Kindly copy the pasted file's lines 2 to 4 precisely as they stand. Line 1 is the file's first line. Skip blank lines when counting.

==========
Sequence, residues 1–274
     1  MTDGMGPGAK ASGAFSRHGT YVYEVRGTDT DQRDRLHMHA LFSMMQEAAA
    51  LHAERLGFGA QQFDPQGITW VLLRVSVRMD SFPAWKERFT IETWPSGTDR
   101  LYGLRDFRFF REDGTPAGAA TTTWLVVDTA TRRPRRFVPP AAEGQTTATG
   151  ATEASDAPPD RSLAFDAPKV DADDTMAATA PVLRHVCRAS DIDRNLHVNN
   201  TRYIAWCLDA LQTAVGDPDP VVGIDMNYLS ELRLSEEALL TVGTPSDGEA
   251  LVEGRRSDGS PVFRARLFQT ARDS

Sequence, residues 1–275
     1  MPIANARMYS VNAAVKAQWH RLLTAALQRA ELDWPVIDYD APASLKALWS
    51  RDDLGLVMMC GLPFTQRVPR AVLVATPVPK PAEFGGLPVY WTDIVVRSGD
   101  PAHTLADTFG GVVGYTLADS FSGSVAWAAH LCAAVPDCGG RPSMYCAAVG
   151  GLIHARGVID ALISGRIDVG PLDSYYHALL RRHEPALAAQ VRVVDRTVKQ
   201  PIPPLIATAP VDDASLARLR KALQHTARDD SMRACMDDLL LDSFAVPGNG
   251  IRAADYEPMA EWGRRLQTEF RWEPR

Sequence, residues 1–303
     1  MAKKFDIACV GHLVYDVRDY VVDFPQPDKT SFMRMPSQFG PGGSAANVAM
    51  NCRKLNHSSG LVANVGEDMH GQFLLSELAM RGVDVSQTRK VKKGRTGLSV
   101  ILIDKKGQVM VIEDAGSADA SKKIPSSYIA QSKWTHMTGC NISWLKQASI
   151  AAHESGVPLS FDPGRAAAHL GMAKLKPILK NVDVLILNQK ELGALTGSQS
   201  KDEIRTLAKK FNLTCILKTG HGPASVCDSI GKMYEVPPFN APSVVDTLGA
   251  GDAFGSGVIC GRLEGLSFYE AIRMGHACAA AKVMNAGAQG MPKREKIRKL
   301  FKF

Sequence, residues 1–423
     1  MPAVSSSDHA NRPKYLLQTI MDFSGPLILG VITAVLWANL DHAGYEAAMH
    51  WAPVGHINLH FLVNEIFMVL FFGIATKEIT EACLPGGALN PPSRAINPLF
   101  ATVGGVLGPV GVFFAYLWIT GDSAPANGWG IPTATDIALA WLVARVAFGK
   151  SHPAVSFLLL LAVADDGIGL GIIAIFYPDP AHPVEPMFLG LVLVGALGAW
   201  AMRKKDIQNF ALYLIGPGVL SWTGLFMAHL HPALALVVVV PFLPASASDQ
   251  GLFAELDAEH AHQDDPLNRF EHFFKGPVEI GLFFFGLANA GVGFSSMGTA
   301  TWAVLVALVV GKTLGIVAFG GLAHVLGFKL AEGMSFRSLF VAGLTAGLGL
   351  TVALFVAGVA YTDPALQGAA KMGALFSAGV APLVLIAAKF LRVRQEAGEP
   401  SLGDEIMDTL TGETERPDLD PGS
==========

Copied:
     1  MTDGMGPGAK ASGAFSRHGT YVYEVRGTDT DQRDRLHMHA LFSMMQEAAA
    51  LHAERLGFGA QQFDPQGITW VLLRVSVRMD SFPAWKERFT IETWPSGTDR
   101  LYGLRDFRFF REDGTPAGAA TTTWLVVDTA TRRPRRFVPP AAEGQTTATG